I was very conflicted about choosing a poem, though. I have a LOT of favourite poems, and favourite poets as well. I almost went with the ultimate poet's poet and a strong influence of mine, Wallace Stevens and his fine and evocative 'Farewell to Florida,' but I thought that as this feature continues we might want to look at our favourites chronologically, to see how we have built up our inner libraries over time, how our tastes have changed, expanded or developed, so I went with my first love, Edgar Allan Poe. (Thank you Susie, for not going with him last week, so I could!)
By Oscar Halling [Public domain], via Wikimedia Commons
I have probably at least twenty favourites by Poe, so this didn't exactly narrow things down as much as I'd hoped. I considered some of his well known pieces first. Here are some adaptations of them on you tube--the Alan Parsons Project with their take on 'The Raven,' and a rather tongue in cheek film clip by Tom Hanks reciting 'To Helen,' but I decided everyone had probably read those a zillion times in school or in the Poe years of adolescence. 'The Conqueror Worm' read here in its full deliciousness to Chopin's Funeral March by Vincent Price, also severely tempted me, but in the end, I went with the poem that is my absolute Poe favourite, though it is extremely long and complex, not just because I love it, but because it really illustrates the genius of Poe.
Like much of his best work, it concerns the death of a beautiful woman, which Poe maintained was the most poetic subject that exists. It is both an erudite and very human piece which deals eloquently with grief, love, hope and fate, and the precarious psychic balance of a mind disturbed by death. It's a true pleasure to read out loud, full of riotous imagery, rich, delicious language, perfect rhyme and meter that rolls off the tongue, and an incredible mastery of form.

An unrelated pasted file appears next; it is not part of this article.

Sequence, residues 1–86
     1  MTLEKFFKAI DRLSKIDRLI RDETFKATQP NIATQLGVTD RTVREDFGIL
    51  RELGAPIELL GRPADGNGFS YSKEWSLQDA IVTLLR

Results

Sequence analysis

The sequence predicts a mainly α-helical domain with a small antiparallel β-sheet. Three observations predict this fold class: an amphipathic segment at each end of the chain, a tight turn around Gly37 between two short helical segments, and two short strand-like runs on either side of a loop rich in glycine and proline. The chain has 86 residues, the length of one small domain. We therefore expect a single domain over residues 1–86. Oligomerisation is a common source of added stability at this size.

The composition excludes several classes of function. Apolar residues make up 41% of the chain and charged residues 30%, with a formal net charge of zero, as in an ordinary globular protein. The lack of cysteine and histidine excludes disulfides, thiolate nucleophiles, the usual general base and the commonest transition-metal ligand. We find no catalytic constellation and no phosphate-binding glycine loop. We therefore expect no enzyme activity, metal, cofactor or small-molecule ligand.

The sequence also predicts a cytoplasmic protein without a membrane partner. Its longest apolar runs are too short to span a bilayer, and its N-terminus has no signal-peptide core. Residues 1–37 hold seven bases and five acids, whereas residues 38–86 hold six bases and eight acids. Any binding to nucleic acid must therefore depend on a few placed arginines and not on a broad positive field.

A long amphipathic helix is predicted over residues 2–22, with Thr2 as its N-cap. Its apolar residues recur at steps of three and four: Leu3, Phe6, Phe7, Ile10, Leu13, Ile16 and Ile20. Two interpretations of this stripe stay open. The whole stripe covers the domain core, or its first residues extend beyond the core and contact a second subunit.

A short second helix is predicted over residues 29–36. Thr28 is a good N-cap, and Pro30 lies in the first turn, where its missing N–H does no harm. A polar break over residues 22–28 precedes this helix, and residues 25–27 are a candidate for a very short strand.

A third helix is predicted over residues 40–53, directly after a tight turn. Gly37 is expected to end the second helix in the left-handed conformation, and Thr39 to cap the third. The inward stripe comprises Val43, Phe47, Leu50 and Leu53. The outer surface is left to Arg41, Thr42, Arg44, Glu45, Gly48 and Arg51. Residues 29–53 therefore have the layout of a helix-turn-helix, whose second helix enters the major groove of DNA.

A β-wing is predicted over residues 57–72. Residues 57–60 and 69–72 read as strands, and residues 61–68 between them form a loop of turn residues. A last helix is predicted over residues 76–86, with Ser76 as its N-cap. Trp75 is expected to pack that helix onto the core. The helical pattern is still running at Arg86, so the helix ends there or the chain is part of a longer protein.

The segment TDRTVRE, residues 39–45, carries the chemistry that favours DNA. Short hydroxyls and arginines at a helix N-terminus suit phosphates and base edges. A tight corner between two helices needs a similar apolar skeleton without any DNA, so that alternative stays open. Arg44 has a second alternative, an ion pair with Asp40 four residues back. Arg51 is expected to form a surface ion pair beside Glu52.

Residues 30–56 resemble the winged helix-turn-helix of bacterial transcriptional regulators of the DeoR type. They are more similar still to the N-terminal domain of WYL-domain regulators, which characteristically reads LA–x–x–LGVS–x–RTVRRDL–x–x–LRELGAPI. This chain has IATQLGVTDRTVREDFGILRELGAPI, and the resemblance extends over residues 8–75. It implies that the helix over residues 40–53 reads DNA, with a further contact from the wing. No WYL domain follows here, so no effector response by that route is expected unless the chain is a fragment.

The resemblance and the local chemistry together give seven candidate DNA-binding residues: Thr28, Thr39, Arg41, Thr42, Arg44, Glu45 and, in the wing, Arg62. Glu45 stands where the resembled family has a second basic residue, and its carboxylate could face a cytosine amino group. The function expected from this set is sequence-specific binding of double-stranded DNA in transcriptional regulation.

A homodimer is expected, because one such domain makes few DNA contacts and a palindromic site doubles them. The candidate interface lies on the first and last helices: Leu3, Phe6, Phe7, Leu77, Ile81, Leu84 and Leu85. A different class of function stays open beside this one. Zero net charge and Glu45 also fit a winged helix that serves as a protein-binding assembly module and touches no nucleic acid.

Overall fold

It is called 'Ulalume: A Ballad.'
I include both the text, in the public domain, of course, and a recording which I thought might be preferred by those who get into poetry auditorially. There are innumerable versions of this on you tube, among them (Tim Buckley's son) Jeff Buckley's, who does a workmanlike and clear, clean job, or for those who want to sample something more....dramatic, there is Nico's, of Velvet Underground fame, who gives it a bit of stagy Sixties flavor with her totally out there Ancient Egyptian motif, and her exotic accent.
So without further ado, here is the poem [Note that like Emily Dickinson, Poe had no problem with the liberal use of the dash..]:
Ulalume: A Ballad
By Edgar Allan Poe
The skies they were ashen and sober;
The leaves they were crispéd and sere—
The leaves they were withering and sere;
It was night in the lonesome October
Of my most immemorial year;
It was hard by the dim lake of Auber,
In the misty mid region of Weir—
It was down by the dank tarn of Auber,
In the ghoul-haunted woodland of Weir.
Here once, through an alley Titanic,
Of cypress, I roamed with my Soul—
Of cypress, with Psyche, my Soul.
These were days when my heart was volcanic
As the scoriac rivers that roll—
As the lavas that restlessly roll
Their sulphurous currents down Yaanek
In the ultimate climes of the pole—
That groan as they roll down Mount Yaanek
In the realms of the boreal pole.
Our talk had been serious and sober,
But our thoughts they were palsied and sere—